Forty-nine Years of Fruitcakes

This year is the forty-ninth anniversary of my making a rather signature fruitcake. So hold on a moment before the “yuck” or the condescending comments about brick doorstops. I’ll say this directly; there is little connection between my cakes and the storied concoctions of your aunt Ethel or the bricks that are available from the stores.

Those are dried fossilized aggregates of stone-hard, over-baked, stale fruits with a batter of over-sugared cake. It is true; such things are so hard and durable that they have been considered materials to build housing for the homeless.

Fruitcakes started as a pragmatic solution to an old problem. There was a need to preserve some of the fruits of summer into winter. Baking them into a durable cake was a solution. I’ve heard that after baking, the cakes were punctured with skewers and wrapped in linen soaked in wine or brandy. The partnership of a firm cake, the cloth, and the alcohol could preserve the cake for a significant time. The cakes were then sealed into tins so the alcohol would not evaporate.

About the only thing left of the old tradition for most fruitcakes is the part of being sealed in the tin. These modern fruitcakes are poor representations of what can be a sensual snack. The key is in the ingredients and the storage.

You’ll have to start with good-quality figs, dates, nuts, and raisins. These are added to a buttery batter. In a good fruitcake, there is only enough batter to hold the fruit together in a mass. I make small cakes because if you buy quality ingredients, these cakes can be costly and because I bake for an appreciative group of family and friends. This year there are fourteen; some years, I’ve made as many as twenty.

After baking, the cakes are allowed to rest, wrapped in muslin, and placed in Ziploc bags. Each bag of two cakes initially receives four to six shots of rum or brandy. Then, the entire batch is placed in a cool spot and allowed to settle. I check the wrappings weekly and add the rum as needed. Then, before I ship the cakes out, I add a final dose of rum.

You are saying to yourself, “that’s a lot of rum!” Correct, it is a lot of rum. I could avoid the fruitcake/ aunt Ethel comparison by calling them rum cakes, but then I’d have to explain that they were not what is traditionally known as rum cakes.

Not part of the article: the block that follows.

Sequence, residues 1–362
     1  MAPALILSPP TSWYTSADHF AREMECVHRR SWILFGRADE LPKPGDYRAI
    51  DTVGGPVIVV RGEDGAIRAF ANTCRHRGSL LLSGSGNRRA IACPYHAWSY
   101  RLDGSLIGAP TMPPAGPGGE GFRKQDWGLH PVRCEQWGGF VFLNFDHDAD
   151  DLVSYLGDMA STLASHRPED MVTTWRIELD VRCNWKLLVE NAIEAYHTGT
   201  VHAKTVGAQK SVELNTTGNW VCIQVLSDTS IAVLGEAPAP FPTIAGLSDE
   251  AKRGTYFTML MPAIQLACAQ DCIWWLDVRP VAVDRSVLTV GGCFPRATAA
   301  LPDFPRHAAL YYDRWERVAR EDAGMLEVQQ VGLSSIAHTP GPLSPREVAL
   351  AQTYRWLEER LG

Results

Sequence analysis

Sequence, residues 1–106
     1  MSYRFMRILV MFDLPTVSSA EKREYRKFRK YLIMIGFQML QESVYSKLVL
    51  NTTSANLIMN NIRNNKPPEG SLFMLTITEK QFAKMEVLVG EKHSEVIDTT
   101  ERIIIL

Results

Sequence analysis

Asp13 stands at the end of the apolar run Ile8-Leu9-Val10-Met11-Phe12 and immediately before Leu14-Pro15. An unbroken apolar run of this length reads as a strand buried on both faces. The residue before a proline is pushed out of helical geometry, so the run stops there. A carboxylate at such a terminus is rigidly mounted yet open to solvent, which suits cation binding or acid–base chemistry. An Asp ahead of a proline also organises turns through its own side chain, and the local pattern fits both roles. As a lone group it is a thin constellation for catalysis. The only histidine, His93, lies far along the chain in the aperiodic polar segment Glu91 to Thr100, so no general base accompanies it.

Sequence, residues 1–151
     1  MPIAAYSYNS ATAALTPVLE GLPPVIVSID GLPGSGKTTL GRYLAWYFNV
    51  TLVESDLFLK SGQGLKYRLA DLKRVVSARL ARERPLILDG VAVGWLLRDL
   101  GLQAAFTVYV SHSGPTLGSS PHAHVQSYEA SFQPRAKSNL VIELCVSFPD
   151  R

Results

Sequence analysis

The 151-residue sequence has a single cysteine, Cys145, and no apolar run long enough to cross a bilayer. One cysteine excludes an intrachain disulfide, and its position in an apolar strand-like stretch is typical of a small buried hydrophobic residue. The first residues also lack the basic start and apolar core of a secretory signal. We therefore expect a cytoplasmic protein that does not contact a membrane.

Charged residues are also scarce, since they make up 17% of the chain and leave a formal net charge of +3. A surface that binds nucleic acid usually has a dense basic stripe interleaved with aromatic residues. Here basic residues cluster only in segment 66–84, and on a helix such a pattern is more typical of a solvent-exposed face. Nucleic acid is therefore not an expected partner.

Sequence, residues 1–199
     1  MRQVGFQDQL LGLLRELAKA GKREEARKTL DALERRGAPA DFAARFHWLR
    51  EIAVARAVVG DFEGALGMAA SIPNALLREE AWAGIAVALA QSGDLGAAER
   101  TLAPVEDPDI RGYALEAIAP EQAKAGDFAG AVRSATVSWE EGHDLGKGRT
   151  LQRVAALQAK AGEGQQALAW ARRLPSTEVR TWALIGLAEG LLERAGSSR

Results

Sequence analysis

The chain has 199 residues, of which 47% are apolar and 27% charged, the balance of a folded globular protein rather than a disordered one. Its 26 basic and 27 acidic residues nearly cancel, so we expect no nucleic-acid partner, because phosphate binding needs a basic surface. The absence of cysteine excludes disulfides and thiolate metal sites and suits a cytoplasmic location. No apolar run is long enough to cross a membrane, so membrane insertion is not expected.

My cakes are moist with a very slight peppery taste from the rum. Kept carefully wrapped, the cake will last after being opened. But most do not last that long, and it’s part of why I make small cakes – just enough to enjoy, not enough to go stale afterward.

When I started doing these forty-nine years ago, I was fresh off the road as a traveler, settling down and going to college ( at last).
I was no longer surfing friends’ sofas or residing in Single Occupancy Rooming houses. I was no longer getting shot at, hustling gigs in bars and cheap coffeehouses. Instead, I was announcing a new sort of conventionality in my life.

Of course, you make a person look conventional, but you can’t change what’s inside – “Still crazy after all these years.”

2 Replies to “Forty-nine Years of Fruitcakes”

  1. All fruitcakes are not created equal. My first MIL made a fruitcake with a light color that everyone called white fruitcake. It was wonderful but she refused to give me or even her own daughter the recipe. She sent enough of it to us when we were in Taiwan for Christmas one year that we could share with many of my husbands fellow soldiers. A black fellow went hysterical about a “white fruit cake” but he kept coming back for more. The only thing she let go of was the banana bread recipe. And her sweet potatoes. I notice you didn’t share your recipe either. 🙂

  2. My recipe started from one in the Joy of Cooking ( 1964 edition), so it’s unique only in what fruits I add and how much. The rum or brandy was just personal preference. And I’ve given my oldest son a whole training session and replete recipe on how to do it.
    My grandmother was the one who refused to share. She was German/ Hungarian and had a poppyseed bread recipe which was the joy of the family at Christmas and Easter. Grandma took the method to her grave with her. It took me forty years to reconstruct it from other Hungarian recipes, I’ve got the details a paper in the ancient Joy of Cooking if anyone asks, but so far none of the kids has…yet.
    I hope you have a wonderful Thanksgiving, and thanks for getting in contact!

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